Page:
There was precious little in the way of composed concert music at the time of the American Revolution. Expression in music and dance was somewhat limited in New England by Puritanical belief – it was intended for divine worship only. Music was more welcome in New York and parts of Pennsylvania, finding expression in games, plays, lotteries and dancing.

The first native-born American composer was Francis Hopkinson (1737-1791), a signer of the Declaration of Independence. His first song dates from 1759, 150 years after the colony of Jamestown was established.

The next American composer of note is James Lyon (1735-1794). Lyon penned a number of hymns, anthems and psalm tunes. In 1770, the year Beethoven was born, William Billings of Boston, the “Father of American Choral Music” (1746-1800), published a book he called “The New England Psalm Singer,” which contained many of his own tunes, including his famous “fuguing pieces.”

There were other 18th-century American composers, including several American Moravians and foreign-born musicians – the latter taking musical life of the New World into their own hands. Many were English, some French, and a few were Germans.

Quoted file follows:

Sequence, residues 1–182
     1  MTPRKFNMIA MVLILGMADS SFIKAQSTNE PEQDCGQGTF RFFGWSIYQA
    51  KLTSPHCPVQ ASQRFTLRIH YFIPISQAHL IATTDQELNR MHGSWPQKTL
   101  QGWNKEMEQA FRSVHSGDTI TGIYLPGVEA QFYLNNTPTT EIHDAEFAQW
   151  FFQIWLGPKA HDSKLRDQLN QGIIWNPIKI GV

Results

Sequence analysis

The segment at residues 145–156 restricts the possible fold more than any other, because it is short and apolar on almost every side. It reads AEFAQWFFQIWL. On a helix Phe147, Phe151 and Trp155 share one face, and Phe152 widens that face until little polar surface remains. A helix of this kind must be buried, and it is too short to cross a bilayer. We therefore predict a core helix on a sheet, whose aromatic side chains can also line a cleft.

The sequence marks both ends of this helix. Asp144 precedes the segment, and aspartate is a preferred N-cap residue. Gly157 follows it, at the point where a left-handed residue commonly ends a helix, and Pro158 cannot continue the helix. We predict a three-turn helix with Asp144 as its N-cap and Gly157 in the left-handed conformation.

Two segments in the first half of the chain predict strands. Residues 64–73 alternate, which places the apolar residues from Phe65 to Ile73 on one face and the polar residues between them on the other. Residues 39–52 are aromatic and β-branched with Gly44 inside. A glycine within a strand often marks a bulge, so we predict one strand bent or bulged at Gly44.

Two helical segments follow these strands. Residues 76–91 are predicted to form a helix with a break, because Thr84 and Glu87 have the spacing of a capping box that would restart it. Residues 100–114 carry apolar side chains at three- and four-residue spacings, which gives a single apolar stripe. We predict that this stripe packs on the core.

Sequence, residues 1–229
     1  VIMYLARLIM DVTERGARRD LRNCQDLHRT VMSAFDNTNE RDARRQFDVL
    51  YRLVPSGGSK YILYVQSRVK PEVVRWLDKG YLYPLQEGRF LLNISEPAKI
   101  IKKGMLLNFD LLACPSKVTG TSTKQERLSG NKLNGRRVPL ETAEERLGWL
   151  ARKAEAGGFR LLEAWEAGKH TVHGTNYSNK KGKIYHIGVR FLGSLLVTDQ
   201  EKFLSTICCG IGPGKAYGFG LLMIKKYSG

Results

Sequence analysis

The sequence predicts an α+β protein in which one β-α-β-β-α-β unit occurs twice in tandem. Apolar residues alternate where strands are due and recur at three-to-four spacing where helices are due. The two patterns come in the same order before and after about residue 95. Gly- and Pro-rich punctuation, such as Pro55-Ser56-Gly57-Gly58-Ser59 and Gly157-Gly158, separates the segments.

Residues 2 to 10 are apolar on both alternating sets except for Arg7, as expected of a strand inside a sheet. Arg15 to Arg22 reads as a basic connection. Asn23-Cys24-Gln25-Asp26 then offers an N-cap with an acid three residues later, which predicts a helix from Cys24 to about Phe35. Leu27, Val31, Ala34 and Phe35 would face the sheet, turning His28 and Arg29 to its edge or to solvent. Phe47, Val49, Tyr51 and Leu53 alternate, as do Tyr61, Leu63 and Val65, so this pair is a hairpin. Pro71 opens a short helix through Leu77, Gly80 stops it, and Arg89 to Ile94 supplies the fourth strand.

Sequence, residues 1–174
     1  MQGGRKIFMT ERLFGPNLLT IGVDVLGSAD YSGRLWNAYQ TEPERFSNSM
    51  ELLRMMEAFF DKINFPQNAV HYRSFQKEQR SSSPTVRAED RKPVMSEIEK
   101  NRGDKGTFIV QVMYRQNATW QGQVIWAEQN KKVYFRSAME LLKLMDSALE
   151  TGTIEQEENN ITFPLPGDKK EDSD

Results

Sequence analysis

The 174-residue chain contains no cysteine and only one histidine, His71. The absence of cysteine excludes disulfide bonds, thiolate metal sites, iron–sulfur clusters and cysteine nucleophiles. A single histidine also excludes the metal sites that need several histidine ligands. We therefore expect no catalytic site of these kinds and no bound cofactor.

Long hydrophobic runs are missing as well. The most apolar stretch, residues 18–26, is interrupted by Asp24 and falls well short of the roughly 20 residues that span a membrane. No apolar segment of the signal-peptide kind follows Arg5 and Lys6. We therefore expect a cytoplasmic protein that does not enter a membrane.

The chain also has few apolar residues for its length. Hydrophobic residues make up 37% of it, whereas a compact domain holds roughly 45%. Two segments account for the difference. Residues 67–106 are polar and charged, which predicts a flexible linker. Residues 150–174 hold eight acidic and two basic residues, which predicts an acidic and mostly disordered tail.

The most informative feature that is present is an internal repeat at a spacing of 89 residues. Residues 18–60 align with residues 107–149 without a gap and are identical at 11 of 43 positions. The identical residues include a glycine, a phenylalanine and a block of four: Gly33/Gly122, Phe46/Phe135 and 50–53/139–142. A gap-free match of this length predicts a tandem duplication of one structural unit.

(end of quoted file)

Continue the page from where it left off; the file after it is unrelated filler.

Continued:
The first music concert, of which we have record, was held in Boston. The year was 1731, when the New England ban against secular music was gradually being lifted. “A Concert of Music on Sundry Instruments” was held in “the great room at Mr. Pelham’s, an engraver, dancing master, instructor in reading and writing, painting upon glass, and a dealer in the Best Virginia Tobacco.”

Other “concerts of musick” followed. After Boston, the next American city to enjoy a concert was Charleston, South Carolina, followed by New York City, where in 1736 there was advertised a “Consort of Musick, vocal and instrumental, for the benefit of Mr. Pachelbel, the Harpsichord part to be performed by Himself. The Songs, Violins and German Flutes by Private Hands”. (The same Mr. Pachelbel’s Canon in D would one day become very famous.)